People who would give ANYTHING to be normal, like you, are the best teachers in the world. Living around them day to day can be scary, but so is travel. The idea is to come to a point where you are living in a state of grace and gratitude for what you’ve been given. All those talents and gifts you have, where would you be without them? What if you were stripped of your personality? What if you could no longer understand what you’re reading? What if you were facing a lonely, sick death?
Go be with THOSE people, then come back and let us know how you are.
Not the whole trail by any means. I started off in Front Royal (I went to a military school there) and headed south. I was out of the Shenandoah National park and somewhere in North Carolina when I got off the trail and hiked home.
As for safety, I really can’t comment to that. I met a lot of people on the trail, some kind of squirrely, others very very nice, and one that I still keep in touch with. The AT is not, as far as I know, necessarily a dangerous place for a single woman. I probably met upwards of twenty single women on extended hikes on the AT (by extended I mean more than a week) and none of them seemed to nervous about it.
In a true safety sense, though, it’s always best to pack with a companion in case you injure yourself or need help.
To clarify, I’m not a “child of privilege” - I’ve always been poor. I was comparing conditions in this country to those elsewhere with that reference, where even to be poor here is far, far better than the average life in many places.
Sure it counts, and I hope you had a lot of fun.
But as you said, that’s 18 years. The traveling suggestion could be covered in one year, perhaps even less. By the time he’d finish a military exercise like yourself, the kid’s ready for his midlife crisis.
I’ll side with Lucretia on the military idea. You may think you have a “warrior sprirt”, but there’s no real way to know until you actually do the combat thing. Combat isn’t likely to come your way unless you are in the military, is it?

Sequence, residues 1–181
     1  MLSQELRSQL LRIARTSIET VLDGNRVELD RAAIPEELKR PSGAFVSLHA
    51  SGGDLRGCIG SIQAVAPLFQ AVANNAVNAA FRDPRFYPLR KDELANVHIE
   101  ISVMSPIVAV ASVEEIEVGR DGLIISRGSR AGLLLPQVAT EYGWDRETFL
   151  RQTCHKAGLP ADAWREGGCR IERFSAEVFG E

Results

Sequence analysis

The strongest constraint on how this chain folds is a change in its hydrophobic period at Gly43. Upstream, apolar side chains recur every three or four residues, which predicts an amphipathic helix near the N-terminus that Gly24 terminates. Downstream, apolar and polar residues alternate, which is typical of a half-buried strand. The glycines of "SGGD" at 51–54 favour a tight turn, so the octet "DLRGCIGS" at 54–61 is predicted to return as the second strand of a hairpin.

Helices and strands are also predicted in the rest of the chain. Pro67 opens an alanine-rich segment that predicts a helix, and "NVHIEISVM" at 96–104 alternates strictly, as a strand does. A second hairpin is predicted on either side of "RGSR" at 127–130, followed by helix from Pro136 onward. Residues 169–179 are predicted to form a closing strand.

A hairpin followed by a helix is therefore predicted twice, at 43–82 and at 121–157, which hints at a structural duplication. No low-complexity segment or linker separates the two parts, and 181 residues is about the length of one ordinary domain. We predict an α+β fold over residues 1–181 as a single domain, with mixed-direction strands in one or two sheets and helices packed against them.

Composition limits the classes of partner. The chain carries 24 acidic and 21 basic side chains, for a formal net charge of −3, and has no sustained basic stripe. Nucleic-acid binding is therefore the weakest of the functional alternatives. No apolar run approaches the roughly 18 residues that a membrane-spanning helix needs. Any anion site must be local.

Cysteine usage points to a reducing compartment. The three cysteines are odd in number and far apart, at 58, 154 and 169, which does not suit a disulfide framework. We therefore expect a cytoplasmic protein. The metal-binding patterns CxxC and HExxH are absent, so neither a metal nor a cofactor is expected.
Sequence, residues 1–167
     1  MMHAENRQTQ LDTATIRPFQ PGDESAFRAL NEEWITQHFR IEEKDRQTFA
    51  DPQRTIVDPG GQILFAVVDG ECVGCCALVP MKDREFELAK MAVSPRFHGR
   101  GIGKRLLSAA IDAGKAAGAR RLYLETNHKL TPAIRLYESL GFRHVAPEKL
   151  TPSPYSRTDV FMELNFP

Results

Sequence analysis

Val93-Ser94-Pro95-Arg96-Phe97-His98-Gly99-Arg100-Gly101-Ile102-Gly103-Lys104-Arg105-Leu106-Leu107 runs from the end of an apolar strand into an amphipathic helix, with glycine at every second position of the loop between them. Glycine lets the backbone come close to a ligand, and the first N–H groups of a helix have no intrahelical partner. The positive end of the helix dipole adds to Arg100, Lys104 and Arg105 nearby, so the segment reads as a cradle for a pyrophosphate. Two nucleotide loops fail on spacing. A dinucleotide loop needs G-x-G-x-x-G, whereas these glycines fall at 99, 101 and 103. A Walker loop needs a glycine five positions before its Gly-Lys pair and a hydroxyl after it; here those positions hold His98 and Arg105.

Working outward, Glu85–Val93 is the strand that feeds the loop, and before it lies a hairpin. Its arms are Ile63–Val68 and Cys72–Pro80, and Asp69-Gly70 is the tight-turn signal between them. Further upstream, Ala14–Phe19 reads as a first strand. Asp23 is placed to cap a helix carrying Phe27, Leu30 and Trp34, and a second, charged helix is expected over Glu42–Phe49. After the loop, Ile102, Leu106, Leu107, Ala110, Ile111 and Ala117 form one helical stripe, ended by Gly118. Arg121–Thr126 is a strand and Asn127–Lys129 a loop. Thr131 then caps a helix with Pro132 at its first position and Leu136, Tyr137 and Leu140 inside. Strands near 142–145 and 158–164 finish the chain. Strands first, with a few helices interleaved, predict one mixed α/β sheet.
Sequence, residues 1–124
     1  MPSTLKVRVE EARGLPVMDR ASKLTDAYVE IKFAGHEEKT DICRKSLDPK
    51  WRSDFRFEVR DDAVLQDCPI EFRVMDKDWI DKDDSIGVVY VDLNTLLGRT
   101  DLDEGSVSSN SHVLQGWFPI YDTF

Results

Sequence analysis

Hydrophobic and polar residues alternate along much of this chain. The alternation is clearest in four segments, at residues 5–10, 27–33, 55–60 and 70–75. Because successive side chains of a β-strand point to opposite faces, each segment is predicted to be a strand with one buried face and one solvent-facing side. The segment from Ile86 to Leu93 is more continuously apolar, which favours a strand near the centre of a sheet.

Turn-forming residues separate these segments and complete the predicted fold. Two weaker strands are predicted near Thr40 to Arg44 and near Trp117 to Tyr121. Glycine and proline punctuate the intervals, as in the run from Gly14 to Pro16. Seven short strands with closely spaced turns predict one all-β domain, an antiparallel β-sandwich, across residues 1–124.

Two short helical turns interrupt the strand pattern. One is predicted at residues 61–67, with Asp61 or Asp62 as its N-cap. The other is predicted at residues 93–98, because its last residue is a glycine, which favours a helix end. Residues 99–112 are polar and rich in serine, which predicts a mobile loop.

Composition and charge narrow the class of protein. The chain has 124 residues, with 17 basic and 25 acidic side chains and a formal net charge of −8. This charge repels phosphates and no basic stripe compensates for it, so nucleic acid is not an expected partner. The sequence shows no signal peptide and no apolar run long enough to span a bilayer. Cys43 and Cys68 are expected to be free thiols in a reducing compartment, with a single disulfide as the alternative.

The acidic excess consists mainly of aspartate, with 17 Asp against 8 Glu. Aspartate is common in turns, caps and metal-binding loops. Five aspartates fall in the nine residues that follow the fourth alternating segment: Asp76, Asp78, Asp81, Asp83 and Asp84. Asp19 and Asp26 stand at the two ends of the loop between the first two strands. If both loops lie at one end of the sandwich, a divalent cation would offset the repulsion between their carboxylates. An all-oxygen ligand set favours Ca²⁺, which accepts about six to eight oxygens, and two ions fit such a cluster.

In addition, the military can teach you to be an auto or aircraft mechanic, to name just a few of hundreds of options. Sounds like you may like that better than an being an IT person.
Traveling about the world sounds fine. “You can spend a year in SE Asia for about $8,000”. Where the hell are you going to get $8,000?
Spend the next four years with Uncle Sam: You’ll be focused and confident when your hitch is up. My time in there worked wonders for me, at a time in life when I was drifting about without any sort of anchor. (And there’s always a chance that you’ll “get lucky” and and have a chance to shoot at somebody/ get shot at by somebody.)
This may be more mild than you are looking for, but how about you sign up with the local Red Cross and work for some of the other agencies in your local environ.
It may sound silly but even here at home there are many people that live with virtually nothing. Given the current state of the economy, there are probably more people that need help.
With the Red Cross, you can sign up to learn new skills like search and rescue and if an earthquake, tornado, God Forbid another terrorist attack, your services may be needed.
Just a thought that’s a little closer to home.
Well, I appreciate the thought, but I’m not really looking at this specifically to get into humanitarian aid. If something compatable with my need for a drastic change happens to also be humanitarian, that’s great - but a drastic need to change my life in some way is the overriding priority.
I also agree with Lucretia. I would suggest the military. I am going to also suggest the priesthood. I would imagine THAT’s a life changing decision…
The military sounds like a bad idea because you can’t change your mind once you’ve signed up. When changing one’s life drastically, I think flexibility is a good thing.
The Military will change your life.
It is also nothing like what you think it is. The odds are against you seeing combat, unless you actually go in and tell them you want to be a groundpounder.
Every aspect of your life will be regimented, with strict rules and boundaries far more strict and structured that anything you’ve had to deal with to date.
The US military does not put people in touch with their “Warrior Spirit”. If you want to do that, go to China and train martial arts. There are several schools that offer programs of that nature.
Of try to get hooked up with a PMC (try www.sandline.com ) for an idea.
What, exactly, is it you’re trying to get away from? We can’t help if you can’t come up with anything besides neo-hippy crap.